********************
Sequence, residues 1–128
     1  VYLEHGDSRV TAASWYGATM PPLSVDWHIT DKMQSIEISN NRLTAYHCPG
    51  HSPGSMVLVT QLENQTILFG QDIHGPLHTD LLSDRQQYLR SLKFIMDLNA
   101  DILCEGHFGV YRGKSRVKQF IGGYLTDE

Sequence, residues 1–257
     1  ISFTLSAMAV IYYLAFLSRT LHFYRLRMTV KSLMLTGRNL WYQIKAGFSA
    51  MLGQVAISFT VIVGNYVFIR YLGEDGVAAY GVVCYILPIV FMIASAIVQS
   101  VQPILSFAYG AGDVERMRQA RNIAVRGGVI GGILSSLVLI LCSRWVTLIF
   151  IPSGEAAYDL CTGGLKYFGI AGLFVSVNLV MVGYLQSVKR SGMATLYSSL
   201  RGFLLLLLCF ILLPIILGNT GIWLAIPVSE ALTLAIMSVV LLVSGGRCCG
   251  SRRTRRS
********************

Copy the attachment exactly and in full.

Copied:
Sequence, residues 1–128
     1  VYLEHGDSRV TAASWYGATM PPLSVDWHIT DKMQSIEISN NRLTAYHCPG
    51  HSPGSMVLVT QLENQTILFG QDIHGPLHTD LLSDRQQYLR SLKFIMDLNA
   101  DILCEGHFGV YRGKSRVKQF IGGYLTDE

Sequence, residues 1–257
     1  ISFTLSAMAV IYYLAFLSRT LHFYRLRMTV KSLMLTGRNL WYQIKAGFSA
    51  MLGQVAISFT VIVGNYVFIR YLGEDGVAAY GVVCYILPIV FMIASAIVQS
   101  VQPILSFAYG AGDVERMRQA RNIAVRGGVI GGILSSLVLI LCSRWVTLIF
   151  IPSGEAAYDL CTGGLKYFGI AGLFVSVNLV MVGYLQSVKR SGMATLYSSL
   201  RGFLLLLLCF ILLPIILGNT GIWLAIPVSE ALTLAIMSVV LLVSGGRCCG
   251  SRRTRRS